Europe has won six of the last seven Ryder Cup matches and one thinks that the home team has the golfers to win this year’s clash against the United States of America.
Tom Watson was the captain of the last United States of America to win on European soil and the Americans have turned to the eight-time major championship winner in an effort to turn the tables on a Europe side that has been dominant in the Ryder Cup for much of the last 30 years.
Outsiders have won seven of the last 11 Ryder Cup matches and that is something on which the United States of America is hanging its hat but one thinks that statistic, while it is true, does not mean all that much. Quite simply, it is a product of Europe, which has been the traditional Ryder Cup underdog, having such a successful run in recent times.
First, Europe has the best golfer in the world in its team. Rory McIlroy’s form since breaking off his engagement to Caroline Wozniacki in May – the results of both of them following their split suggests that, professionally at least, they are better off apart – has been outstanding. McIlroy has won the Open Championship, the World Golf Championships-Bridgestone Invitational and the PGA Championship in the last three months, wins that have rocketed him clear at the top of the world ranking.
Second, Europe has the best Ryder Cup performer in its side. Ian Poulter is not everyone’s cup of tea – earlier this year he got into all sorts of trouble for complaining about his nanny being downgraded on a British Airways flight, leaving his wife to look after four kids in business class – but he is a Ryder Cup superstar having won 12 of his 15 rubbers, a record that belies his relatively low world ranking of 38th.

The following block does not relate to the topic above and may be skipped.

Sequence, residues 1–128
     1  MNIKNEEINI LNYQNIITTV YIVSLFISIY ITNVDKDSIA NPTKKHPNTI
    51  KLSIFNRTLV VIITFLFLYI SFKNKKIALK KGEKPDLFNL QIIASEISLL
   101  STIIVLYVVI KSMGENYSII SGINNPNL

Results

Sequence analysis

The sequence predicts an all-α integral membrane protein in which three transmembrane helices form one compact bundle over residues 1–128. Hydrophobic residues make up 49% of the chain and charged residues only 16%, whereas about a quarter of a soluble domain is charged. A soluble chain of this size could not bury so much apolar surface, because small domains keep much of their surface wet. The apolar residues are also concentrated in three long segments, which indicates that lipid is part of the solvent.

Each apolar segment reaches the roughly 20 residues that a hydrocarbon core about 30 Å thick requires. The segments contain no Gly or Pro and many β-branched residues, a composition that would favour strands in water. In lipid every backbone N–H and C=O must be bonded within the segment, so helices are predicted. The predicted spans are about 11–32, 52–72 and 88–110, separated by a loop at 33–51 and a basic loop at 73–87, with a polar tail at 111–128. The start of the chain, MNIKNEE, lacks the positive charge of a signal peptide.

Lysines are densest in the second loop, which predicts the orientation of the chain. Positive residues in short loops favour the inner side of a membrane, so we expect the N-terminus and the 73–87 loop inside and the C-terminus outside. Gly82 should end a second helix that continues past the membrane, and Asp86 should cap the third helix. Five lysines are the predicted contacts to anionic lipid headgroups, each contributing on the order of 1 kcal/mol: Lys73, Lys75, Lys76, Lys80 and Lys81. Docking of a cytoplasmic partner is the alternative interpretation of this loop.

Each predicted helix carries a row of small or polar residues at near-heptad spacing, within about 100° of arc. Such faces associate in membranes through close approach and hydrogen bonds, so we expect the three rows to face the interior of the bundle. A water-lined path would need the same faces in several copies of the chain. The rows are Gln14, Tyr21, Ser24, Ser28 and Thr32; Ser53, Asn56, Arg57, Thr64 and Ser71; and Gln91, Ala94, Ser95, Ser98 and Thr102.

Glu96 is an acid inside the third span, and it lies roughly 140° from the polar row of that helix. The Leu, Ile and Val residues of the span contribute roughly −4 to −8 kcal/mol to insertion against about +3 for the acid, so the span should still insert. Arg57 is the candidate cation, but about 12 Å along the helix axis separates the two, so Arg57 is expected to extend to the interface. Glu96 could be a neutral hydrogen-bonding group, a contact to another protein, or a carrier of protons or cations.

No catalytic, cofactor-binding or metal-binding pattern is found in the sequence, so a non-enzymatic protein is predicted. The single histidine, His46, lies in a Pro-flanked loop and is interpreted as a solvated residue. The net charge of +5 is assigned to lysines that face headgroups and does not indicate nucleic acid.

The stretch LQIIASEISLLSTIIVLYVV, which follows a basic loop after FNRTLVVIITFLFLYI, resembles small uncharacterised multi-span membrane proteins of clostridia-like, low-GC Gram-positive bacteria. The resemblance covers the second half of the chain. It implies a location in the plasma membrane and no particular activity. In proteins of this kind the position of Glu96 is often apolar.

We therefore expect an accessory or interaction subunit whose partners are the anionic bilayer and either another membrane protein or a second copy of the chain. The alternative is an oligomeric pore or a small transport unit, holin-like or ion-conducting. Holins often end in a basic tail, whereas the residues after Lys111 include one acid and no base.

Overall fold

Third, Europe has recognised course specialists in its team. The Ryder Cup will take place at the Gleneagles Hotel, which has been the venue for a European Tour event every year from 1999 to 2013. Thomas Bjorn took out the 2011 Johnnie Walker Championship at Gleneagles, while Stephen Gallacher, whose uncle Bernard Gallacher skippered Europe to Ryder Cup glory in 1995, has been a regular high flier in the aforementioned tournament, placing second, sixth (twice), 10th and 14th in his last five appearances. It was no surprise to followers of course form that Europe captain Paul McGinley picked Gallacher as one of his three discretionary selections.
Fourth, Europe’s side is, arguably, better equipped to deal with the weather conditions and the course set-up. The Met Office is forecasting cold and windy weather for the start of the Ryder Cup and, while there are some hardy souls in the United States of America team, they are outnumbered by golfers who prefer benign conditions in which to play. And one has noticed that McGinley has set up the Gleneagles Hotel track to place an emphasis on greens in regulation. Europe’s side holds all the aces on that key statistic.
Finally, rightly or wrongly, there is a perception that the Ryder Cup means a little bit more to Europe and that, allied to home advantage, is sufficient for one to tip the host.
With regards to Ryder Cup exotics, one flagged the value in backing Gleneagles Hotel specialists Bjorn and Gallacher in various top points scorer markets a few weeks ago. They are speculative punts – there is a fair chance that neither man will play sufficient rounds of golf to take out the awards – but some bookmakers were offering odds that were too long.
If backing Europe at odds on to win the Ryder Cup does not get one’s heart racing then perhaps back the home team to go wire to wire, which means leading at the end of each of the three days. Boylesports is offering that option at odds of +250 and, with the weather forecast bleakest for the first day, it ties in strongly with one’s fourth point above.
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